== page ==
Court video on CVN lets legal professionals follow breaking events in litigation of interest, whether it be complex, billion-dollar mergers or simply the safety standards that apply in a given community.
Moreover, when a particular trial becomes newsworthy due to an unexpected result (for example, a $500M verdict in the Chanin v. Desert Shadow Endoscopy products liability case, or the $200M asbestos verdict against CertainTeed in Evans v. A.W. Chesterton), the availability of court video allows journalists, bar members, and the public to go back to the event and better understand what happened and how.
However, the availability of court video is so new that even most legal professionals are not aware of the many different ways that court video can be used both during and after trial, for practical, public, and educational purposes.
For example, CVN court video has been used by sick jurors who were unable to attend in person for a day or so, thus allowing the trial to continue without disruption or delay.
Court Video from CVN has also been used in closing argument by parties wishing to refresh the jury’s recollection of specific portions of in-court testimony with far more impact than could be achieved with the mere reading of a transcript or the display of text.
In fact, anyone who has seen CVN’s court video of Bill Gates’ deposition testimony in Comes v. Microsoft knows that juries will be at least as influenced by a witness’s body language, demeanor, and emotional affect as by the actual words spoken, and in this respect transcripts can be much less accurate than video at capturing the events in question.
Court video’s educational uses of course abound, from including video in a traditional law school classroom setting, to a law firm’s senior partner watching portions of a trial from afar, and coaching the trial team each night.
Court video for trial preparation is a must-have litigation tool for many firms, whether they are considering the effectivess of a potential or opposing expert witness, or simply comparing how other attorneys have framed their opening statement in a prior, similar case.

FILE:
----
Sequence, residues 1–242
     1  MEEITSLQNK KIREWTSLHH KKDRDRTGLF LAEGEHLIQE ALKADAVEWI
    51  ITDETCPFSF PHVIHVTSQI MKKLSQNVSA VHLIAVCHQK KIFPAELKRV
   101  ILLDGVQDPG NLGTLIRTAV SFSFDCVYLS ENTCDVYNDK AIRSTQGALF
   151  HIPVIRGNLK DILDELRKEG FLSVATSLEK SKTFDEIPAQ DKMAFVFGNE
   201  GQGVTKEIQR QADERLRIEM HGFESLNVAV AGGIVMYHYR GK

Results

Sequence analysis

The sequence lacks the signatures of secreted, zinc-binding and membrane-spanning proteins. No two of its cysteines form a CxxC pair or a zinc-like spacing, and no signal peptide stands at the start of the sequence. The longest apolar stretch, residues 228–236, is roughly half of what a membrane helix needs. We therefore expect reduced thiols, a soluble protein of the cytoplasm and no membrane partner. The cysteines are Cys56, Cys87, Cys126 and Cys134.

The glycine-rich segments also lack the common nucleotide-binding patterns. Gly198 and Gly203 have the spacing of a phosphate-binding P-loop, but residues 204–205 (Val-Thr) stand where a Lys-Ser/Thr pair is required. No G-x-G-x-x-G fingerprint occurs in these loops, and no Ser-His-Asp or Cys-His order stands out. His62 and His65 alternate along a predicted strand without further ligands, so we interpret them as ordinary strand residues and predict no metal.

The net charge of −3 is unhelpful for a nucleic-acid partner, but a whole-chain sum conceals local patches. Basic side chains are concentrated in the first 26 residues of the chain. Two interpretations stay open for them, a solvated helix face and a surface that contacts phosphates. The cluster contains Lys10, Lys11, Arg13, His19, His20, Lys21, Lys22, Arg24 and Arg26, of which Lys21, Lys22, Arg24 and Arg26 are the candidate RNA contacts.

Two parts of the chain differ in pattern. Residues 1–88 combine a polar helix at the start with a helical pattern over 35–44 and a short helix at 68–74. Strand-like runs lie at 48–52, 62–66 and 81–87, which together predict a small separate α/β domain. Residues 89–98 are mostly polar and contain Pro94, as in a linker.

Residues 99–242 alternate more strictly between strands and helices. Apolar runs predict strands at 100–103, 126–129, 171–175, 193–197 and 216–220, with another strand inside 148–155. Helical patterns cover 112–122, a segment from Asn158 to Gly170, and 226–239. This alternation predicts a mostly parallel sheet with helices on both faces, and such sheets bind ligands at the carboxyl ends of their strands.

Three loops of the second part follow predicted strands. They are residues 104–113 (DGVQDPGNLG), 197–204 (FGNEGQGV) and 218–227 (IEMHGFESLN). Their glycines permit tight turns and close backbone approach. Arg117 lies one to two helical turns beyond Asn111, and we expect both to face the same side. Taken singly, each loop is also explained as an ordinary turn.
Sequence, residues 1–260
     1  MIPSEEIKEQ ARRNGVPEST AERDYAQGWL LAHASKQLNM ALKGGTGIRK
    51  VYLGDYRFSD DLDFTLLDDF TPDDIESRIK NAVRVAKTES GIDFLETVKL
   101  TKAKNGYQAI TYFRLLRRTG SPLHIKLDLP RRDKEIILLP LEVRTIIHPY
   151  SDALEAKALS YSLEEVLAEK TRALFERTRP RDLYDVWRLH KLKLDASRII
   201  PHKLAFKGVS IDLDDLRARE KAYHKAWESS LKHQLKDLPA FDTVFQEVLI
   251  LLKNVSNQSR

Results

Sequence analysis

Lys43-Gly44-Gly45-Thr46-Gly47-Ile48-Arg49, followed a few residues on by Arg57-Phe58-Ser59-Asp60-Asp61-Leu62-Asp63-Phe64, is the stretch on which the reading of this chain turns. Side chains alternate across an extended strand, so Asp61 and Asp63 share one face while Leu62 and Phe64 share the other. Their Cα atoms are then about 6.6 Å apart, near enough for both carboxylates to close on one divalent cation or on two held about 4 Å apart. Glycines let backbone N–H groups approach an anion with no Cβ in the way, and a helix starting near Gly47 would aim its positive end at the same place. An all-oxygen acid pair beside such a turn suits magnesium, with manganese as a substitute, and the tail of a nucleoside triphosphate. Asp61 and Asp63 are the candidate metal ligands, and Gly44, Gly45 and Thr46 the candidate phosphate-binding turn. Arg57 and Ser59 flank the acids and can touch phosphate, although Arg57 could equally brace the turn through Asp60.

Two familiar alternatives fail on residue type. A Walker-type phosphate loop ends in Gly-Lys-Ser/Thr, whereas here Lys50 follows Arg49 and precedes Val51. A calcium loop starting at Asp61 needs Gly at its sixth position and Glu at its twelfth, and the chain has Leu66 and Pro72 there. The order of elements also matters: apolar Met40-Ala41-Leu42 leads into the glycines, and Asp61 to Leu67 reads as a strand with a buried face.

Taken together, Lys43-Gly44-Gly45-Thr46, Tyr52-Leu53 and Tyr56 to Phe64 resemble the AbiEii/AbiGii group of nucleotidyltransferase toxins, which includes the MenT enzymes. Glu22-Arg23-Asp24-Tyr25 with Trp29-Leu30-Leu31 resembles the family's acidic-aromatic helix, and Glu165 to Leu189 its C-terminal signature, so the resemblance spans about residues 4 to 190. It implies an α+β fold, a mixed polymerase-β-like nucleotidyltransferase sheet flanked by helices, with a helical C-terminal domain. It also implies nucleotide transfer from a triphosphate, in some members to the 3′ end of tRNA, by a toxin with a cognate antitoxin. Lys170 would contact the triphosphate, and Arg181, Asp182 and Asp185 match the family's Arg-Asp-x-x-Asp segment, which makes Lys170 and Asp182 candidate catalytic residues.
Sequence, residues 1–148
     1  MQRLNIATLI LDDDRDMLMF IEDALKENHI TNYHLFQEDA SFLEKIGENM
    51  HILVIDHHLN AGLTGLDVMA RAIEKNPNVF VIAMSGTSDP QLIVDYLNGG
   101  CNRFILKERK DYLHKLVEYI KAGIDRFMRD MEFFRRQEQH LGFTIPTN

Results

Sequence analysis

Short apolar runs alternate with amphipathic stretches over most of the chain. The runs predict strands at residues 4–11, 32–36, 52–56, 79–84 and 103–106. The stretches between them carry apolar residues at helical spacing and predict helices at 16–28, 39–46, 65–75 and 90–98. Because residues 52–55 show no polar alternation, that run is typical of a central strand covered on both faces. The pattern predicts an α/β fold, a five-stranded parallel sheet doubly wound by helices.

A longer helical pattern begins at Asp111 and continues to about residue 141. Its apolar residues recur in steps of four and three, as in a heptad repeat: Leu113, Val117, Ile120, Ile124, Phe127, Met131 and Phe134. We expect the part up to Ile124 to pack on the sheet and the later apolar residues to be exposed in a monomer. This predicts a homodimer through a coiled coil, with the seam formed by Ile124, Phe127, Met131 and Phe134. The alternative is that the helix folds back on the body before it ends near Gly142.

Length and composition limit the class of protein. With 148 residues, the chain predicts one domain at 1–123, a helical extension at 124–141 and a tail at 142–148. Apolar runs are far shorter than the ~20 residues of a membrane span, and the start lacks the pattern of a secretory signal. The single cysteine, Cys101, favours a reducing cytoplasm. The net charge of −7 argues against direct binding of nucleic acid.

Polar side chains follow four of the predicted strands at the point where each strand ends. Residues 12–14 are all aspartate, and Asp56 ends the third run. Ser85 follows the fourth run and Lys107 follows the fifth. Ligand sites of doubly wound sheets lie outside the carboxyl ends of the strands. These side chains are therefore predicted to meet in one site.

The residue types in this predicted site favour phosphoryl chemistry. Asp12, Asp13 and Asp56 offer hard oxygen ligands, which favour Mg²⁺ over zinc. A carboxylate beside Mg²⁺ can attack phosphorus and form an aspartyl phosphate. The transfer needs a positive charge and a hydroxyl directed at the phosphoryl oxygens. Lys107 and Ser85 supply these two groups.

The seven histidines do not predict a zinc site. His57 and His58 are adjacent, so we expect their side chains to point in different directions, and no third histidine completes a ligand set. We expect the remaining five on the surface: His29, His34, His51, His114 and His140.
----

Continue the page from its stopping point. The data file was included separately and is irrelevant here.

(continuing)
During trial, court video brings together a virtual team of expert advisors and senior attorneys who can help guide a trial team confronted by any unexpected turn. In the war room, court video allows for rapid response. And virtual shadow jurors can provide real-time insight into the effectiveness of a direct or cross-examination.
Court video also allows for the possibility of reducing the cost of litigation, by allowing attorneys and clients to attend and monitor litigation with less travel and smaller in-court teams, which results in less courtroom crowding as well.
This improvement in judicial efficiency actually began long ago, with speaker-telephones in courts such as those used by CourtCall’s service, which allows telephonic appearances. However, the typical court video setup gathers sound from multiple high-quality microphones and lets the participant see what is going on in the courtroom, thus providing a far superior experience for remote participation.
Court video is still in its infancy, but many jurists and legal scholars are concluding that the presence of courtroom cameras is not merely to be tolerated, but actually improves the administration of justice.
And the historic concerns that witnesses or participants might be intimidated or otherwise affected by the presence of video cameras has been disproved by a mountain of empirical evidence drawn from the experience of dozens of states across the years. Florida, for example, has allowed video cameras in nearly all court proceedings for over thirty years to great public benefit and with no signficant adverse effects. And states like Kentucky are so familiar with court video that cameras are permanently installed in nearly all courtrooms by companies like JAVS. Kentucky has found that creating a permanent record of their trial proceedings by video is no more disruptive or intimidating to the participants than when a permanent record is created by a court reporter — which is to say, not intimidating at all.
CVN is proud to bring to the public the news and information that court video makes possible; proud to bring to law schools and all education instutitutions the learning benefits associated with court video (such as CVN’s video trial advocacy training library, developed with William & Mary Law School); and proud to bring to the bench and bar the improvements in efficiency and effectiveness resulting from court video that contribute to the continued improvement of what is rightly called the world’s best system of justice.